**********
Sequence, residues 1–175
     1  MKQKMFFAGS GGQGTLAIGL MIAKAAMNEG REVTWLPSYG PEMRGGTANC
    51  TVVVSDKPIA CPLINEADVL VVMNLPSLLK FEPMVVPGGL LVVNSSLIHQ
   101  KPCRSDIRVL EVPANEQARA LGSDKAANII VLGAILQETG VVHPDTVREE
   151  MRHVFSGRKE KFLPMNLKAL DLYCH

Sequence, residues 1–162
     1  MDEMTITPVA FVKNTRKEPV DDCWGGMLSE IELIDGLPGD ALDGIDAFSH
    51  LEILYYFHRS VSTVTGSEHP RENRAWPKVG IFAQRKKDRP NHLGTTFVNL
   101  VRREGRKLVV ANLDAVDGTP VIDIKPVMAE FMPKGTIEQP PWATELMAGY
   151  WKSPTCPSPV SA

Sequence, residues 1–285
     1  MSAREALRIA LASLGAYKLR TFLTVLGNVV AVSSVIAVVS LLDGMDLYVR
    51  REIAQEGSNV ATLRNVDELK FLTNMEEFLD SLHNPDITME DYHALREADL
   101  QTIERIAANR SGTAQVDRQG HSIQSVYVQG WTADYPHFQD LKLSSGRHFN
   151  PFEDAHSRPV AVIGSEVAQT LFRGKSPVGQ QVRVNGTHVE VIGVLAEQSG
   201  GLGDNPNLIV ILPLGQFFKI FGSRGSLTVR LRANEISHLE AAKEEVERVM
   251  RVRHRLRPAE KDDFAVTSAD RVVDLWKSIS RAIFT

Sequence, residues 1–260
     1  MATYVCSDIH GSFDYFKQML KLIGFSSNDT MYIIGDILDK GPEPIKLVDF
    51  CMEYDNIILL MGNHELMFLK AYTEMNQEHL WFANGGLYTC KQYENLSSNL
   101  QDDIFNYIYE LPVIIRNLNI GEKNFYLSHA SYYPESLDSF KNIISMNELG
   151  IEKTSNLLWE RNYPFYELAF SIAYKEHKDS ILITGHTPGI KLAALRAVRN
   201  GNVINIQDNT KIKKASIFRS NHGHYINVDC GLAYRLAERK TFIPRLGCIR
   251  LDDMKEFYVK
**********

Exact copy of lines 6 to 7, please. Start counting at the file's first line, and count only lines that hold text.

Sequence, residues 1–162
     1  MDEMTITPVA FVKNTRKEPV DDCWGGMLSE IELIDGLPGD ALDGIDAFSH